While each of these five winners in 2014 has a different story to tell, they all have one thing in common: Setting the standard for small business start-up success in Nebraska. Start with Zack Zimmerman (upper left), the Region 7 Small Business Development Center Excellence and Innovation Award winner. Since taking the role as director of the Nebraska Business Development Center's Lincoln office in December 2012, Zimmerman has leveraged his background in banking to direct more than $2.5 million in capital to emerging entrepreneurs and has helped entrepreneurs start 40 new small businesses. He met with area bankers to convince them to refer potential small business owners to NBDC’s services, increasing new and long-term clients to the center’s new location in Southeast Community College's Entrepreneurship Center.
Zimmerman also strengthened the center’s relationships with Lincoln’s Chamber of Commerce and the Lincoln Independent Business Association, among other community-focused business groups. As a result of the jump in demand for NBDC services, Zimmerman brought aboard two interns to help handle the traffic, and pick up real-world experience serving small business clients.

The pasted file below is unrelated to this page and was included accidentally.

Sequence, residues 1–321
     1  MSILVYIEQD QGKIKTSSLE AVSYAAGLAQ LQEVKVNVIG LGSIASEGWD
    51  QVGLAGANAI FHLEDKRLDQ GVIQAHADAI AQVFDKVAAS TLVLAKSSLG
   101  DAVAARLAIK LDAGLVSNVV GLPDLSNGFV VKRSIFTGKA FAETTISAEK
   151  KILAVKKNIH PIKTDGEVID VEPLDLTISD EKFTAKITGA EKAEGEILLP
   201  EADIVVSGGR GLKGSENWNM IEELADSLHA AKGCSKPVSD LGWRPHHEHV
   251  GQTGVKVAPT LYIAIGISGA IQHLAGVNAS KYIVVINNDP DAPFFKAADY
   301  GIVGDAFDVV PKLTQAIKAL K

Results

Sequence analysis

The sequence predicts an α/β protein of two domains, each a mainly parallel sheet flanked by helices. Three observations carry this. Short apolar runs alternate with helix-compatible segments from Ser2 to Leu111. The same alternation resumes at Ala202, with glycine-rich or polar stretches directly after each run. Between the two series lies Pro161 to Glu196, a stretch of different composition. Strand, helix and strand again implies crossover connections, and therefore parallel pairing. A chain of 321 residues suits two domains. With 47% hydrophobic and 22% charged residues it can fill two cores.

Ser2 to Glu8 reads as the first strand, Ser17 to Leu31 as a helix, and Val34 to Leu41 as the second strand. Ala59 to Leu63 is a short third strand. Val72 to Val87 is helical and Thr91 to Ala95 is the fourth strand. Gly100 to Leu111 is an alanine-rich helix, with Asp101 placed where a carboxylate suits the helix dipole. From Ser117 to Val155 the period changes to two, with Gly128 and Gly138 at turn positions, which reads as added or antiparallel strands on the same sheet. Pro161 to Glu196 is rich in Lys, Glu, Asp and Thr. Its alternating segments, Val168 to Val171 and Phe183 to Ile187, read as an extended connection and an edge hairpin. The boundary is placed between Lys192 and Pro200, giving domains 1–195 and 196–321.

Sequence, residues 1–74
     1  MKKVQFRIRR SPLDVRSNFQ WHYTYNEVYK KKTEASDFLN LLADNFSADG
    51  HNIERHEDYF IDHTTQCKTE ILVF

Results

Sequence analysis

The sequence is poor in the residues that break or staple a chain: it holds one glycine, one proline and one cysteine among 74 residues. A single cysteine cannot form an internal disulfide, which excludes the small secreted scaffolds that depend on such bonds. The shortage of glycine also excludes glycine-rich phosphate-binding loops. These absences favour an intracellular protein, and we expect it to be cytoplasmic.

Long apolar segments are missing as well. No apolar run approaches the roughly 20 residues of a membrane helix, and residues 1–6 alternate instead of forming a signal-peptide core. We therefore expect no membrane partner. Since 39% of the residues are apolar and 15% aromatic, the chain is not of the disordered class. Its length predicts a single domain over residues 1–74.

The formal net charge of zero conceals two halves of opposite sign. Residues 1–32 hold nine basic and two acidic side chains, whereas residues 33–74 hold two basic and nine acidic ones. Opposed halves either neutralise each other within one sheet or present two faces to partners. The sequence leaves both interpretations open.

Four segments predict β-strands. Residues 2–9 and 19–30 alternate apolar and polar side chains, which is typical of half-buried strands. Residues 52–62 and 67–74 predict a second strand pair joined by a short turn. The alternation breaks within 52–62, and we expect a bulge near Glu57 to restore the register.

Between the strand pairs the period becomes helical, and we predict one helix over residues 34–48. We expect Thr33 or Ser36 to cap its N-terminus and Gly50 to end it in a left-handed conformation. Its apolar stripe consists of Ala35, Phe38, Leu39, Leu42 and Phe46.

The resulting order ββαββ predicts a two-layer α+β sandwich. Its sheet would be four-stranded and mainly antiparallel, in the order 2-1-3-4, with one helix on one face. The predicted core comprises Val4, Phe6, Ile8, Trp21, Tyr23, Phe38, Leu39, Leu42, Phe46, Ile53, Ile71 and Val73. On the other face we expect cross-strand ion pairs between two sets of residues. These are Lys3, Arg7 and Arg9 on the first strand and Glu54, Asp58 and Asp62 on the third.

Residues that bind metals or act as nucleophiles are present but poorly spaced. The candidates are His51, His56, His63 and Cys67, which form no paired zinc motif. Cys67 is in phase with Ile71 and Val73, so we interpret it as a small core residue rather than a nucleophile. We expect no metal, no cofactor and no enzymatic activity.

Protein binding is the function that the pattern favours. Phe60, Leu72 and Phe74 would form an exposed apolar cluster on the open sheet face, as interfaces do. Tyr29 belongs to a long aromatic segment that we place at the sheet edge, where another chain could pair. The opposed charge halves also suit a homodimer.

Finally, Zimmerman kicked off a monthly question-and-answer column in Nebraska’s largest newspapers, tackling thorny issues affecting small business owners such as hiring employees, how to seek private investor financing and incorporating a small business.
Women in Business Champion
Brooke Robbins (upper center), the assistant director of Southeast Community College's Entrepreneur Center, has been named the SBA Nebraska Women in Business Champion for 2014.
Women in Business champions are judged on their efforts to increase business and financial opportunities for women and effectiveness in improving the environment for creation and expansion of businesses owned and operated by women.
Robbins, who has served with the Entrepreneurship Center since 2006, works with small business clients through its incubator, creating educational opportunities and events for nascent entrepreneurs and coaching potential and current small business owners on customer service, strategic planning and developing systems for sustained success in the marketplace. She also has developed a structured 10-week program for potential entrepreneurs to design, start and sustain a small business.